Differential Phosphorylation in response to a wild-type and mutant protein kinase
someone at microsoft.net
Thu Jan 8 01:30:08 EST 2004
"Andrew" <aji23 at drexel.edu> wrote in message
news:958c94ef.0401071338.22bbffb2 at posting.google.com...
> I'm trying to establish the most efficient and convincing way of
> demonstrating a protein of interest is differentially phosphorylated
> by a mutant form of a protein kinase our laboratory investigates.
Differentially phosphorylated meaning either phosphorylated or not
phospharylated, or something else? I am asking because later in the text you
say you did not see any difference on your 2D maps, which I might understand
like either you see you protein phosphorylated by both wt and mutated
kinase, or you see it not phosphorylated under either conditions, or you see
it phosphorylated at different resudues. Please provide some details.
> My current approach is 2D-phosphopeptide mapping using the Hunter TLC
> protocol. I do not have MALDI-TOF MS at my disposal, although I do
> have an electospray MS available (with no experts to use it). I have
> everything else a standard molecular biology laboratory has to offer
> (including plenty of radiation!)
> The endogenous protein is not expressed at reasonable levels, so I
> utilize an adenovirus expression system to produce exogenous protein.
> I also have transfection vectors available, although I am currently
> unable to produce sufficient levels of overexpression.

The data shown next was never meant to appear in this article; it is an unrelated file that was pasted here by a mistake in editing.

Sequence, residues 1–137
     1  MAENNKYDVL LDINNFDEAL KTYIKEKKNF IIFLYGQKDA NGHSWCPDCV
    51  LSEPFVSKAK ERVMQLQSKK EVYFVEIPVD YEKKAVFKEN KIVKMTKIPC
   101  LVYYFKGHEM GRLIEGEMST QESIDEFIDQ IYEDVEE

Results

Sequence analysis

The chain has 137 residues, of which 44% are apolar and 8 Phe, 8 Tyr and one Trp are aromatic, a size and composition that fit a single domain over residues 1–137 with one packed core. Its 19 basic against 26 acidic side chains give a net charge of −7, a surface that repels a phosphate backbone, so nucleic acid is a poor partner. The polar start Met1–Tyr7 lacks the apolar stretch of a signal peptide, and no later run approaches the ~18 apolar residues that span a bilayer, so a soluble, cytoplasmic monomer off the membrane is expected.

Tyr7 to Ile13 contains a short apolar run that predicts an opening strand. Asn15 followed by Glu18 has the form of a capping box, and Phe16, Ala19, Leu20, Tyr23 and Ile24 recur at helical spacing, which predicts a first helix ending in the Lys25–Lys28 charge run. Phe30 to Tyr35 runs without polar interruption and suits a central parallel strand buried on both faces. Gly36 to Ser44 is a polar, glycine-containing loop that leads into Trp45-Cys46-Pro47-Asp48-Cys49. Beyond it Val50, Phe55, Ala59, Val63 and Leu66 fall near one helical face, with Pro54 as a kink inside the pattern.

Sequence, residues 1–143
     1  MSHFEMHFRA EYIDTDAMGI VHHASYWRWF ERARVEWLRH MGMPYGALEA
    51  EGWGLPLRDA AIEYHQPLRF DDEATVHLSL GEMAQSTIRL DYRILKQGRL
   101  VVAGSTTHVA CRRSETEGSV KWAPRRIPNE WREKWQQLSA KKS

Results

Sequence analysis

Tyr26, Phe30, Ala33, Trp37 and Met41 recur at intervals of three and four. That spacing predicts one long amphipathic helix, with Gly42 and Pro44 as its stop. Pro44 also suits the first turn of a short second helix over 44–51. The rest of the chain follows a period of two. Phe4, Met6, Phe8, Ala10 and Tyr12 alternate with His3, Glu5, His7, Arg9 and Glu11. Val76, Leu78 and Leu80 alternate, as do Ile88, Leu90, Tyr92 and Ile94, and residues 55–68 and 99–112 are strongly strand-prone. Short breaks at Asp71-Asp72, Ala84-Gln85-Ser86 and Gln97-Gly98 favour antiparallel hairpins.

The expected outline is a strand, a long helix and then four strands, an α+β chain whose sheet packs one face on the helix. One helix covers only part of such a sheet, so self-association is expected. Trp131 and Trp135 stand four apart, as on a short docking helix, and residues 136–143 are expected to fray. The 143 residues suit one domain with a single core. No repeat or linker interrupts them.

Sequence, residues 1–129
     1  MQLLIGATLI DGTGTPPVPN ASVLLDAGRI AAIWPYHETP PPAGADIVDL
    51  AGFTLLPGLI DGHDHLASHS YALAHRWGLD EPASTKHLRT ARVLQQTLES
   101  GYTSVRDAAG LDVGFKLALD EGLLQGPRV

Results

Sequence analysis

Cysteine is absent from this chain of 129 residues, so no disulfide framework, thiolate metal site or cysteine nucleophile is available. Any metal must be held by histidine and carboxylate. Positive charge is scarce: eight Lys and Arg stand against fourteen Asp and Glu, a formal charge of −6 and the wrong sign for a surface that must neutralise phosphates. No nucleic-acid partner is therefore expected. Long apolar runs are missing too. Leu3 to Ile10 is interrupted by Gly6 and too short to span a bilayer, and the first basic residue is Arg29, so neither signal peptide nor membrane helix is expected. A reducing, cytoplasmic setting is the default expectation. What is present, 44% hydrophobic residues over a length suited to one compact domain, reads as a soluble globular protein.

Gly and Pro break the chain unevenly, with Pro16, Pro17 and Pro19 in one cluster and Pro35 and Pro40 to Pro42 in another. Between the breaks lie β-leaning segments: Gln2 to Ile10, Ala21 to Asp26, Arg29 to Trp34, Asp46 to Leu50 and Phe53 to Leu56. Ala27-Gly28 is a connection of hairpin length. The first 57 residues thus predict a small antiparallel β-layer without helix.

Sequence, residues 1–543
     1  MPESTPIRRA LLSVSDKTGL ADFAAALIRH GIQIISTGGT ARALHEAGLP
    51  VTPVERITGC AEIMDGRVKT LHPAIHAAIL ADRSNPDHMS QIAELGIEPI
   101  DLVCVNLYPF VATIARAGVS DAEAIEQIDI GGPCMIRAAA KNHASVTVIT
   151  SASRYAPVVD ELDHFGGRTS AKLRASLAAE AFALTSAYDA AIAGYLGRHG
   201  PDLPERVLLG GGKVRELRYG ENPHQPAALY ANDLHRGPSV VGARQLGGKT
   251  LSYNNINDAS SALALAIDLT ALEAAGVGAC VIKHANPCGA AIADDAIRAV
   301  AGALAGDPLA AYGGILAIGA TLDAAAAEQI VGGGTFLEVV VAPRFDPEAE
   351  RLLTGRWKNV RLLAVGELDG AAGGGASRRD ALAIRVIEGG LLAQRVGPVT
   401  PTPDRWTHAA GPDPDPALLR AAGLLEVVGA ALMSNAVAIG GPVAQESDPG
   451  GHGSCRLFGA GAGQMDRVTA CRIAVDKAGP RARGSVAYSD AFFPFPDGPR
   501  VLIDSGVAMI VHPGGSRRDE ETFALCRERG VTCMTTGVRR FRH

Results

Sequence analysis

> As a source of kinase, I utilize adenovirus vectors to express both
> the wild-type and mutant forms of the protein. The mutant does not
> expess to levels comparable to the wild-type (the wt protein is a
> transcription factor and unfortunately upregulates both adenovirus
> vector's promoters)
There might be a chance that your mutation causes misfolding of the kinase
that might in its turn cause fast sequestration of the misfolded protein by
proteolysis. In such a case you will never be able to produce the protein.
In such a case you sould try C-terminal fusions of the kinase with various
partners (GFP, luciferase, etc.). Such fusion partners could promote a
certain stable conformation of the mutant protein, and will alow you to
check for expression levels by appropriate assays. You should first check of
course if fusions with WT protein still have kinase activity.
> My results thus far have been disappointing. I have not seen a single
> difference in my 2D maps. My current pursuits are going to be
> attempting to overexpress the protein(s) via transfection and attempt
> to get high efficiency.
> Does anyone have any input or suggestions on this? Or better
> experimental ideas? I can happily provide more information if needed.
Could you do SDS-PAGE of cell extracts from cells with wt and mutant kinase
(once you find optimal conditions for transfection and see if fusions
approach could work for you) and then do westerns and probe for
phosphoresidue and reprobe for the protein itself? There are antibodies
against phosphotyrosine (don't forget to block with BSA and not dry milk).
This way you could see disappearance of phosphotyrosine marker in the
extracts containing mutant kinase (if that is what you are looking for).
> Thank you very much.
> Andrew Ippolito
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